The Perils of the Present, Theory, and the University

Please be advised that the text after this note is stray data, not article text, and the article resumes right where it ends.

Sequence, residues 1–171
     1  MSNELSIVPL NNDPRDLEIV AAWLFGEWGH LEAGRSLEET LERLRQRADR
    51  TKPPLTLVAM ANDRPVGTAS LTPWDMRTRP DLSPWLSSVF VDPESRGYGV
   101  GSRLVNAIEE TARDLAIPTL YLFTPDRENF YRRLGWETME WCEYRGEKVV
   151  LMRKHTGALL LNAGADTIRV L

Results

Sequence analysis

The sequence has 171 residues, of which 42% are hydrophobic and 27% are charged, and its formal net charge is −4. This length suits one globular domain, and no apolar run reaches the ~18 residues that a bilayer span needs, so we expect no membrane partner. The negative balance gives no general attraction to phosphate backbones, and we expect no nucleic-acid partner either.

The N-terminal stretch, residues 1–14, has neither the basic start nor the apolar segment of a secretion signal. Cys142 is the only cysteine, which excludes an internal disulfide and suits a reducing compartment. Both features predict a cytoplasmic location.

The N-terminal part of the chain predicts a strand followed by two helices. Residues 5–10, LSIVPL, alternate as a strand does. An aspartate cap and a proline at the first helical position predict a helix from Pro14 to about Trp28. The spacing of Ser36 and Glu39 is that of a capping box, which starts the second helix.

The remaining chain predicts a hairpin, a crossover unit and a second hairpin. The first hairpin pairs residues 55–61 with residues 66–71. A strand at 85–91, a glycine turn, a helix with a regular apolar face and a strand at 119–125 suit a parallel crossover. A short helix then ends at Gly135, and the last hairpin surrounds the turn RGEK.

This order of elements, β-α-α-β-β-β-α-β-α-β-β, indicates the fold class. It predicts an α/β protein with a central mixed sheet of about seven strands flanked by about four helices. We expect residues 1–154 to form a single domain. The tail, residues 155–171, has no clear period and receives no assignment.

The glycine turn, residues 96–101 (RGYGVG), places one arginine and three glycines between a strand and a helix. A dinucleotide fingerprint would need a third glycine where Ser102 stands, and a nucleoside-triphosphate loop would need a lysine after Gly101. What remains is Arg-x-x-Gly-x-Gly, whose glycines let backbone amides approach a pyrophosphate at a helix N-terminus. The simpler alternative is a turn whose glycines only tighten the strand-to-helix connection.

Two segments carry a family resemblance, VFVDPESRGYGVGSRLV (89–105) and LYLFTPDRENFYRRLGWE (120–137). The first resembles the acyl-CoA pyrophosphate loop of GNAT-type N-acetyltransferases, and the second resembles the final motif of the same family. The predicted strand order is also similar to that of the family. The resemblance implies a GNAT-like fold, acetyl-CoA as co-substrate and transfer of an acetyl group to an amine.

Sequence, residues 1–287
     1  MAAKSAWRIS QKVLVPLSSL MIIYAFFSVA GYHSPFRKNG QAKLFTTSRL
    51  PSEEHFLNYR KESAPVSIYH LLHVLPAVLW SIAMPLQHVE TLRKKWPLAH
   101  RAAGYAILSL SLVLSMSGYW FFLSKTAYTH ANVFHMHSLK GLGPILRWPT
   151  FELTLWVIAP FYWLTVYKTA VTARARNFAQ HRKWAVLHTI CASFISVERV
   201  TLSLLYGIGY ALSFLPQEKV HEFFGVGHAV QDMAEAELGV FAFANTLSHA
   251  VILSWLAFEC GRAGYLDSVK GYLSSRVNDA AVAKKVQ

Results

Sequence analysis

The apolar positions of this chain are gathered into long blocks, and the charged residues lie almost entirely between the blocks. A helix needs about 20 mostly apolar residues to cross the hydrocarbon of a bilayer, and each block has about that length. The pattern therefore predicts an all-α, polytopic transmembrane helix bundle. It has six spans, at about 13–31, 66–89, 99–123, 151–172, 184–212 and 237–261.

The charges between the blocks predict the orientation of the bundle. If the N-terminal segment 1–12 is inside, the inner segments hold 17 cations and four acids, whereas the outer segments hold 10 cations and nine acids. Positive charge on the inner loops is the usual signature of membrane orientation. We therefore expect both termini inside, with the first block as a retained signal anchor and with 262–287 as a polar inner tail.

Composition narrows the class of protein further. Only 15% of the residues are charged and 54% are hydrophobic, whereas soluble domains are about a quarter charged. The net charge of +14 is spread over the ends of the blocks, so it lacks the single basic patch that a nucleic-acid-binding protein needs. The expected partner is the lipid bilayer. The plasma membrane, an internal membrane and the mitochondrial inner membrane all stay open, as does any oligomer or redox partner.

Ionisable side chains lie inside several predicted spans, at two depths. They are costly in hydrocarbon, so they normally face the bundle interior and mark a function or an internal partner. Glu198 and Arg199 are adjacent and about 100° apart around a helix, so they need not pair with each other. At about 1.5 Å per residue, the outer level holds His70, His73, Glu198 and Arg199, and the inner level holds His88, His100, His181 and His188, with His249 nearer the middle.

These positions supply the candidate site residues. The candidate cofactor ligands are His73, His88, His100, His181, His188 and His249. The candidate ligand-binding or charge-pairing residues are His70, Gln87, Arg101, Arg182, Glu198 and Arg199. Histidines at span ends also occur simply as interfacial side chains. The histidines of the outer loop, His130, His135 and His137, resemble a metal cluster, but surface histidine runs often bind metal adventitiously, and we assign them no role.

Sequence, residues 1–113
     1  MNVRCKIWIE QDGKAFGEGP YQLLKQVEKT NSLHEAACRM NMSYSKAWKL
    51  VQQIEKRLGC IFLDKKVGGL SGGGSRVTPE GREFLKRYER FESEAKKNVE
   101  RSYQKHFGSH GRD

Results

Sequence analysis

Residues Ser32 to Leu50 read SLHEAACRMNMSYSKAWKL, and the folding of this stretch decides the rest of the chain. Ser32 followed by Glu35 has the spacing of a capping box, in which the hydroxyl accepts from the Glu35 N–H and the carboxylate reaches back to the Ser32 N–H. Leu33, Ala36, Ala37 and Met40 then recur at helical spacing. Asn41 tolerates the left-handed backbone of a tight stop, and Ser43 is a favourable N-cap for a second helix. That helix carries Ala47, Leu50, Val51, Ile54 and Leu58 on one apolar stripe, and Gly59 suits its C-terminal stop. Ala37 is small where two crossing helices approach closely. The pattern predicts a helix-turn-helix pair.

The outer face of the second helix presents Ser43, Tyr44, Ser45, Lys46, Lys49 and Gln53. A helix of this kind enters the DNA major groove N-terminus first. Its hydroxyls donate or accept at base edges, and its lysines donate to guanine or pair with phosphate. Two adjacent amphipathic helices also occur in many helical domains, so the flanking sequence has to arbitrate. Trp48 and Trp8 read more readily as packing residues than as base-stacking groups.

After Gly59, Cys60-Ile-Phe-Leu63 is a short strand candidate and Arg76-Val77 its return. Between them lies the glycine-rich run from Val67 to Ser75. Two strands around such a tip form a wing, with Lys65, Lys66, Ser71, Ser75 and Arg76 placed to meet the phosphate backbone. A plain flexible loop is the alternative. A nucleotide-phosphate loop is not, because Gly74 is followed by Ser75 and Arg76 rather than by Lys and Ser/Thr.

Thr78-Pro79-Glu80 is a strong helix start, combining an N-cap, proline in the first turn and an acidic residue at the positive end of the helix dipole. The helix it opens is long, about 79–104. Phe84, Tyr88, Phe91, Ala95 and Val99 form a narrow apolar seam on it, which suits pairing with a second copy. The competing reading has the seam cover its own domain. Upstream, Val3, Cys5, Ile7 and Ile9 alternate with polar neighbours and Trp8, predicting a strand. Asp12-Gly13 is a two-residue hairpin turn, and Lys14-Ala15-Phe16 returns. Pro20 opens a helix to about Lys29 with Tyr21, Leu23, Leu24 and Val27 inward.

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Vincent Leitch identifies the close connection between theory and the university when he suggests that claims of theory’s demise are also signs of anxiety about what is to come: the so-called passing of theory equally reflects wider fears about the role of critical thinking within an increasingly corporatized university. Drawing on Theodor W. Adorno’s notion of the “ripeness of decay,” this essay argues for the value of facing the domino effect of “deaths”—of theory, of the humanities and the university, of ideology and Marxism, of society and culture—head on, as ripe for thinking about the university of the future, which, as this string of deaths attests, necessarily entails thinking "beyond" the university. Two recent critiques of the university are particularly instructive for this project: Stefano Harney and Fred Moten’s work on the undercommons, and the attempts underway in Canada, in response to the calls to action by the Truth and Reconciliation Commission, to Indigenize the university. Putting these critiques and their emphasis on race and Indigeneity in conversation with the dialectical insights of Adorno’s Marxism and Horkheimer’s view of critical theory, the essay contends that a Marxism replete with a renewed commitment to critique is in order, given the unavoidable need to theorize the very conditions of possibility for critical thinking in the face of the assaults on the humanities and the university. Rather than a backward-looking, nostalgic view, in which the loss of the humanities is bemoaned, such an approach begins with the premise that we have yet to see humanistic study realized, precisely because it has historically obfuscated its own conditions of possibility—namely, settler colonialism, slavery, and the ongoing legacies of dispossession and economic and racial injustice.
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